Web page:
NINE Catalan “political prisoners” are to be pardoned for their part in the 2017 independence referendum and subsequent declaration of independence.

Spain’s socialist Prime Minister Pedro Sanchez made the announcement in the Catalan capital Barcelona, during a speech setting out what he saw as the future of the wealthy north-eastern area.

He told civic society representatives his cabinet would approve the pardons tomorrow.

A total of 12 politicians and activists were convicted of sedition and other crimes and nine were jailed for between nine and 13 years.

Most Unionists boycotted the vote, which was marred by police violence as they tried to stop it.

No prominent indy supporters attended Sanchez’s address at Barcelona’s Opera House, while pro-indy protests were held outside.

Catalan President Pere Aragonès, who did not attend the Opera House, said the pardons were not enough.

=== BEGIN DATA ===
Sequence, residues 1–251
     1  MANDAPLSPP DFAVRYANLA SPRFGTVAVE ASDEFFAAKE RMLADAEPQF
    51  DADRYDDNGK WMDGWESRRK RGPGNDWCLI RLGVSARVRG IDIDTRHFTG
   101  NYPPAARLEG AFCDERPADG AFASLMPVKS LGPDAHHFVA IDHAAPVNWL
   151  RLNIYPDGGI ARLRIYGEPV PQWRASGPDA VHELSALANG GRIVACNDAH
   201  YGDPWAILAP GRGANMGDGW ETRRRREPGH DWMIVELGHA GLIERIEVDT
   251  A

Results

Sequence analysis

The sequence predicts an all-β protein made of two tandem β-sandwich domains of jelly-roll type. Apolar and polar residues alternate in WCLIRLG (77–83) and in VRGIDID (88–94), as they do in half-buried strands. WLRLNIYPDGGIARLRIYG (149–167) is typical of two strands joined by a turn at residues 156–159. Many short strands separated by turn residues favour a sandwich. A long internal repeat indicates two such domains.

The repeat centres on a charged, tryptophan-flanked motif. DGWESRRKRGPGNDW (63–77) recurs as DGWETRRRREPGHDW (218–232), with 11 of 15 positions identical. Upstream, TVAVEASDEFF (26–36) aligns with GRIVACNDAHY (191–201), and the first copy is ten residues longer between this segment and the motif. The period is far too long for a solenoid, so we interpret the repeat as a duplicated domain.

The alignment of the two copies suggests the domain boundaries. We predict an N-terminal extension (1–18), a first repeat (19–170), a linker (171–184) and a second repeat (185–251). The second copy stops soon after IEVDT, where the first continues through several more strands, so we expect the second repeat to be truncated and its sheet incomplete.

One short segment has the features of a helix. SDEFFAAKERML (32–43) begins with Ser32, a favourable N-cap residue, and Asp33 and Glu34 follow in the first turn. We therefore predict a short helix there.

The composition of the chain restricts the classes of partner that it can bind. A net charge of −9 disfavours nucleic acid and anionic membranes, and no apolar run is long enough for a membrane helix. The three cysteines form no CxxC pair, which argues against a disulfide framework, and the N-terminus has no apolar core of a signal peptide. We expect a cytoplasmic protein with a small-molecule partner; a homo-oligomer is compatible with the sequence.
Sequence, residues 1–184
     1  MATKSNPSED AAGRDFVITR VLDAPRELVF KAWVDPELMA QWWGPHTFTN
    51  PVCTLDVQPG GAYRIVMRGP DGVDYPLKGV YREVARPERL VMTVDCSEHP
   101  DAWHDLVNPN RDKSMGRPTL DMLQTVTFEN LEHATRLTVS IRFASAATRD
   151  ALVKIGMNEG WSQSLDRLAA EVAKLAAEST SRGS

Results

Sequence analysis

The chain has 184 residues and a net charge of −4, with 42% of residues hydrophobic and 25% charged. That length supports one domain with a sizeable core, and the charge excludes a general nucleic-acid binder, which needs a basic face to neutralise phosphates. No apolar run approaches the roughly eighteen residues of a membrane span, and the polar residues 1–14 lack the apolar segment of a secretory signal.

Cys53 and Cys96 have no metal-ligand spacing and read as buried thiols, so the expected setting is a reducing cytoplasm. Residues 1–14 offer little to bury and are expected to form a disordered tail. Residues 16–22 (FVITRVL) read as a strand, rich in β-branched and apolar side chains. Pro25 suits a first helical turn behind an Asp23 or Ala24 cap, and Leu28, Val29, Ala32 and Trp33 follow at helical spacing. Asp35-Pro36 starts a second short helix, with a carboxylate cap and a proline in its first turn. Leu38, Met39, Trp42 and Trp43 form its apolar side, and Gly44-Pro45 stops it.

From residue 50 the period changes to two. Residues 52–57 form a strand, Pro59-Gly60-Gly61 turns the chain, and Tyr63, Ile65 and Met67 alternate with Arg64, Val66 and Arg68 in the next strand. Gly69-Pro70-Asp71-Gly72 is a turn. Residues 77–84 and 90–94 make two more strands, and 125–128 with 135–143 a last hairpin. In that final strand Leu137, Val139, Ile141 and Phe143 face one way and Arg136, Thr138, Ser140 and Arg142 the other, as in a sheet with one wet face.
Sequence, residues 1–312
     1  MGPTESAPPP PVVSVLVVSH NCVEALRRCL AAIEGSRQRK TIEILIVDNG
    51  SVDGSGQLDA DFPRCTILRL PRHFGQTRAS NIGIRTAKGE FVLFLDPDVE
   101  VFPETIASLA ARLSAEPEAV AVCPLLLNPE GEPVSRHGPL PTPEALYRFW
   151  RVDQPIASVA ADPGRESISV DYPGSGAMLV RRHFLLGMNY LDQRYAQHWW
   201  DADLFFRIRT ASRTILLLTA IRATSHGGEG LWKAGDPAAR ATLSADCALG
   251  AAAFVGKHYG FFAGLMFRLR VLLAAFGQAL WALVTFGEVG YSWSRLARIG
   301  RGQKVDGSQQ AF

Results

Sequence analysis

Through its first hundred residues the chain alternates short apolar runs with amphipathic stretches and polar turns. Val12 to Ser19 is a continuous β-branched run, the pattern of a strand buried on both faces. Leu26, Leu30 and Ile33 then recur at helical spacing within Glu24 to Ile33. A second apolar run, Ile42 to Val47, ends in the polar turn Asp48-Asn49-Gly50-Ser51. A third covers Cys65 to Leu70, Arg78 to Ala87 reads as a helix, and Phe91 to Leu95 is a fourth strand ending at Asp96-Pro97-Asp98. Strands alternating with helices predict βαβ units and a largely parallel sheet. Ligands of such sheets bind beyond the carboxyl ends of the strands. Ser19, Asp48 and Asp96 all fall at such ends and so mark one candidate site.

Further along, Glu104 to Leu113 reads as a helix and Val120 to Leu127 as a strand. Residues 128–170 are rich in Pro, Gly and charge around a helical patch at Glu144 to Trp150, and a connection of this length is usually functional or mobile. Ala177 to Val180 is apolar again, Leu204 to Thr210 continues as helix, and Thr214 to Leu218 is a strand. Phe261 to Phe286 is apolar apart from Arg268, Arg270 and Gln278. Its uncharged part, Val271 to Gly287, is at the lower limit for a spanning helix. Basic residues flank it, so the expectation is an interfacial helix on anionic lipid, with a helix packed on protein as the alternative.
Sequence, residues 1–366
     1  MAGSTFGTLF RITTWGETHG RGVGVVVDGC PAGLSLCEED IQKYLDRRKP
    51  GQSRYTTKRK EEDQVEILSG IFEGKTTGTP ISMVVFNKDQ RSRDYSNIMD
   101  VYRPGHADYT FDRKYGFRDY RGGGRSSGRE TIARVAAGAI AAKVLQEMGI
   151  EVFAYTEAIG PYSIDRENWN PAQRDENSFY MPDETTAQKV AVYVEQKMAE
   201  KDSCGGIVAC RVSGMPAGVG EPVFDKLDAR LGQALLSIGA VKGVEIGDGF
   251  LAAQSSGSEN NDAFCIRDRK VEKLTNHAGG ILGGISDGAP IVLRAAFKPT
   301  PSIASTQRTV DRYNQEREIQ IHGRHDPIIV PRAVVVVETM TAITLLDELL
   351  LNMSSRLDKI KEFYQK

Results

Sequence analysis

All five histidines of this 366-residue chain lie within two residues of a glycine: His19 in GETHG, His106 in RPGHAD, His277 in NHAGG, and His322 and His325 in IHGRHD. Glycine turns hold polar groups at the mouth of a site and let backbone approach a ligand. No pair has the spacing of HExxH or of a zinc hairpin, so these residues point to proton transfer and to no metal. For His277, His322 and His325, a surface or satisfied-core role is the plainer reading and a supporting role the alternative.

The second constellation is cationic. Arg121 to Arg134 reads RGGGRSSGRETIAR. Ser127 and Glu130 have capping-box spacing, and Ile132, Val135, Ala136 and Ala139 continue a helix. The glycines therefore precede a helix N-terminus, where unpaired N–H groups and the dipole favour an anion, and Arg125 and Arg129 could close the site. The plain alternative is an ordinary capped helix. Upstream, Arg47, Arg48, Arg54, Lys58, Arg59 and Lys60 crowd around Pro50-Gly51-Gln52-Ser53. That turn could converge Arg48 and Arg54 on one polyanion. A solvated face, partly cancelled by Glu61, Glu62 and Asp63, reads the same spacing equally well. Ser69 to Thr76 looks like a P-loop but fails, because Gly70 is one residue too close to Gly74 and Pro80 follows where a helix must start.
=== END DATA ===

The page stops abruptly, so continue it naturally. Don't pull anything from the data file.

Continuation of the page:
“The unjust sentencing is now corrected but it is a partial, incomplete solution,” he told reporters at another event in the Ebre river region.

He said the real way out of the issue would be an amnesty for everyone involved in judicial procedures stemming from the indy push, which would include the jailed politicians and activists, and also those in exile – such as former president Carles Puigdemont and former minister Clara Ponsati.

The announcement from Sanchez came as the Council of Europe (CoE) debated a report calling for the prisoners’ release and ending the persecution of those in exile – the first time a political assessment of the trial has been addressed in-depth by a European institution.

However, the Spanish Socialist Party (PSOE) and People’s Party (PP) have tabled amendments omitting any reference to extending the pardons to the exiles and those who had held high office, such as former president Quim Torra, who was sacked for displaying yellow ribbons on government buildings.